Once a girl whose father called her “Catherine” after JFK gave her a Chatty Cathy doll and warned her that she’d be turned over to Ho Chi Minh if she didn’t eat her vegetables, Tiana finds herself alienated and fascinated by Hanoi, where she dances with Oliver Stone as the locals scurry home to watch an English instruction program on TV. Anglo-American pop culture both follows her and is dragged along as she explores: Aside from the obvious (the Clash’s “Straight to Hell”) and the found (Blondie’s “Hanging on the Telephone” at a disco), Tiana employs “To Sir With Love” for the scene where she and her cousins recall their crushes on American soldiers, and the “Rawhide” theme for a shot of Vietnamese cowboys in the central highlands.
Scenes like those showing an elephant riding in the back of a truck or a dog being killed and cleaned for somebody’s dinner are merely exotic, but Tiana frequently demonstrates a powerful, if sometimes goofy, link between her two countries. With the Chu-Chi tunnels as a tourist attraction, Frisbees in Hue, and Coke on all the shelves, it’s only natural that Tiana’s relatives in Ho Chi Minh City (which everyone still calls Saigon) were able to celebrate her visit by playing a video of one of her action movies.
Unaware of the existence of Francine Prose’s Household Saints when I entered the theater, it didn’t take me long to conclude that director Nancy Savoca’s film had been adapted from a novel; its extensive cast of supporting characters and lengthy timeline are both better suited to the page than to the screen. I now know that the novel is better than the movie—the narrative details jumbled or eliminated in just the first few minutes are enough to dilute the flavor and coarsen the wit of the original—but even without opening the book it was clear that Prose had certain advantages over her adaptors, Savoca and co-scripter Richard Guay.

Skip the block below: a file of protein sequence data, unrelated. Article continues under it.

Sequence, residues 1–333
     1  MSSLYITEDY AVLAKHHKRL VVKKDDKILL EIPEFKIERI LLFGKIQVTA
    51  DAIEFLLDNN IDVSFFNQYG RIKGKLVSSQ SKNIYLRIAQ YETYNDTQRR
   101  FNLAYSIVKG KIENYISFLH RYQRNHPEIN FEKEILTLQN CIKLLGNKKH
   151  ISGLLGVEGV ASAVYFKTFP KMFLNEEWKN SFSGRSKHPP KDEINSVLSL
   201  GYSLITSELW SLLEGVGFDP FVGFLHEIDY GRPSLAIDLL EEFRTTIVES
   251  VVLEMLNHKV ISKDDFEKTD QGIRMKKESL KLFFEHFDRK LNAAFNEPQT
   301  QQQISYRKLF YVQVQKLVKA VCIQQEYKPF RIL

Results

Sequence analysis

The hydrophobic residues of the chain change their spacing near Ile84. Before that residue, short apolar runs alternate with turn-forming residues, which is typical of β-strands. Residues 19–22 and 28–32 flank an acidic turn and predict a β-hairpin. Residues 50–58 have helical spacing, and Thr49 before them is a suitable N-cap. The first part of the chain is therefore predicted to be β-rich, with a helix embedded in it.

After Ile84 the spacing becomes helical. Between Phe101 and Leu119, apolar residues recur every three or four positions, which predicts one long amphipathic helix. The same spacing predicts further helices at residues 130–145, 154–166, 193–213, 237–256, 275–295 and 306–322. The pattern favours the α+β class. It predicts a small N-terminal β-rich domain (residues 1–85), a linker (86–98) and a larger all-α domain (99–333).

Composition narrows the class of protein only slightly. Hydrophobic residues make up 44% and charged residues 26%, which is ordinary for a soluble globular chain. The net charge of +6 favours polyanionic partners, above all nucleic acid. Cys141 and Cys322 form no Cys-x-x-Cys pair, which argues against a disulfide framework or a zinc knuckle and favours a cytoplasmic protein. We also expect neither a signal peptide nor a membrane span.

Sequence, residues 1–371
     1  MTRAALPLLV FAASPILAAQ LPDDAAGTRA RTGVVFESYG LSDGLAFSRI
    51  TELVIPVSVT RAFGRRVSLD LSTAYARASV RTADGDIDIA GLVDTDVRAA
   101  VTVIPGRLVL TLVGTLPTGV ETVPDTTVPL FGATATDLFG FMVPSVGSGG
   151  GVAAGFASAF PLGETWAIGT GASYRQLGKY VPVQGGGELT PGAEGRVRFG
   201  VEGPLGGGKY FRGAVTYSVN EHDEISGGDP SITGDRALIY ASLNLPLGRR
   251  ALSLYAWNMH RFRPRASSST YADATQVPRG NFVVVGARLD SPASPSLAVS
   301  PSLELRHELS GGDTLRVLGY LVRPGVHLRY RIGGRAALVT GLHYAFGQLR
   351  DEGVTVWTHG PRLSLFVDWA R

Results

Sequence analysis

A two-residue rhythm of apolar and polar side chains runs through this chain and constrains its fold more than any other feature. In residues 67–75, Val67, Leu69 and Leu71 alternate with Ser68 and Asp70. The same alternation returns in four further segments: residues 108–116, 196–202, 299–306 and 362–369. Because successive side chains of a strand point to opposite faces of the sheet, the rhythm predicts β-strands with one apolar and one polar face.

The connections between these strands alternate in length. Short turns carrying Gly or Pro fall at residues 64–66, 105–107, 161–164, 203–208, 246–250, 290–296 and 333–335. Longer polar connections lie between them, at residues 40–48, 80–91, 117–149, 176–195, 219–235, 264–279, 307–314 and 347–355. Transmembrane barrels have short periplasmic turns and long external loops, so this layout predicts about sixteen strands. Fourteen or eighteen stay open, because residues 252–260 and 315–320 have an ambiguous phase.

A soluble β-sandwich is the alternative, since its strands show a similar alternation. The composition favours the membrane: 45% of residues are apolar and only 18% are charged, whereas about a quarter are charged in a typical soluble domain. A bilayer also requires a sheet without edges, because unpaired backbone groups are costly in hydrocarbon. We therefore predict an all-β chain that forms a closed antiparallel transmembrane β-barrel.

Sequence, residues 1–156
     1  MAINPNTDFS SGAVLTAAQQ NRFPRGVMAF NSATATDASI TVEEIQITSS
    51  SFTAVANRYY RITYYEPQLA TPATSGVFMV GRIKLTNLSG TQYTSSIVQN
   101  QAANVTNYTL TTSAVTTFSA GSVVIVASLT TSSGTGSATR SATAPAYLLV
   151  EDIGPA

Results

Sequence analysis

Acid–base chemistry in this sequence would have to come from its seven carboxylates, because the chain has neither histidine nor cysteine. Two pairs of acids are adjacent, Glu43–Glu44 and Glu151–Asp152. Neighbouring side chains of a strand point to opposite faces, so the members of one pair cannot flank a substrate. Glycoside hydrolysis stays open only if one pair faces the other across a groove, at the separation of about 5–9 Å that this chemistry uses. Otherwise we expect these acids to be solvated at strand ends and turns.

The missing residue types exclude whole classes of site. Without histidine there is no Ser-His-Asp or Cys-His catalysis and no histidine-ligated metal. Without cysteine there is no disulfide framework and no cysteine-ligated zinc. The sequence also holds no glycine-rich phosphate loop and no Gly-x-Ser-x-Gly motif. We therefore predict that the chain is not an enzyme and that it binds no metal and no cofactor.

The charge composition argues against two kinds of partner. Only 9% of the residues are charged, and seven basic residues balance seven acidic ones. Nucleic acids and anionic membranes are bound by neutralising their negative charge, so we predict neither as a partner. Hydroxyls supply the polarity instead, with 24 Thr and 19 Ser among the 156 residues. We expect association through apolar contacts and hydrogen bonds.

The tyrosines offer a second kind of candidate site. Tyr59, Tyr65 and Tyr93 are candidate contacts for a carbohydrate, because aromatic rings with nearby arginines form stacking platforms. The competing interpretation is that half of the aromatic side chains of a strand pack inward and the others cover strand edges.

Unfolding over three decades in a Little Italy household, the novel can make transitions that the film finds awkward. Playing Catherine Falconetti (soon to be Santangelo), Tracey Ullman makes an unconvincing 17-year-old at the film’s outset, and the shift from the story of Catherine and Joseph (Vincent D’Onofrio) Santangelo to that of their daughter Teresa (Lili Taylor) chops the film in half: First come the Old-World ’50s, when Catherine survives the vicious superstitions of her harridan mother-in-law, Carmela (Judith Malina), who insists that Catherine will give birth to a chicken because she watched Joseph kill a turkey; then it’s time for the new-frontier ’60s, when everyone has become modern except for Teresa, who unpacks her grandmother’s peasant-Christian fetishes and aspires doggedly to sainthood.
Improvising a lower-Manhattan recipe for magic realism, Savoca opens Saints with a bit of Madame Butterfly. It’s the fantasy of Catherine’s brother Nicky (Michael Rispoli), a maladjusted opera buff and radio repairman, which ends when the radio shorts out. The film is full of such dreamlike and symbolic sequences, as well as lots of celestial camera angles, but it’s most convincing when the details are naturalistic—like the way Nicky and his father sleep in the same bed, even after Catherine’s married and moved out of her room—and Italian-American. (Savoca’s account of Nicky’s unfortunate end, for example, reveals that she doesn’t understand the mechanics of seppuka.)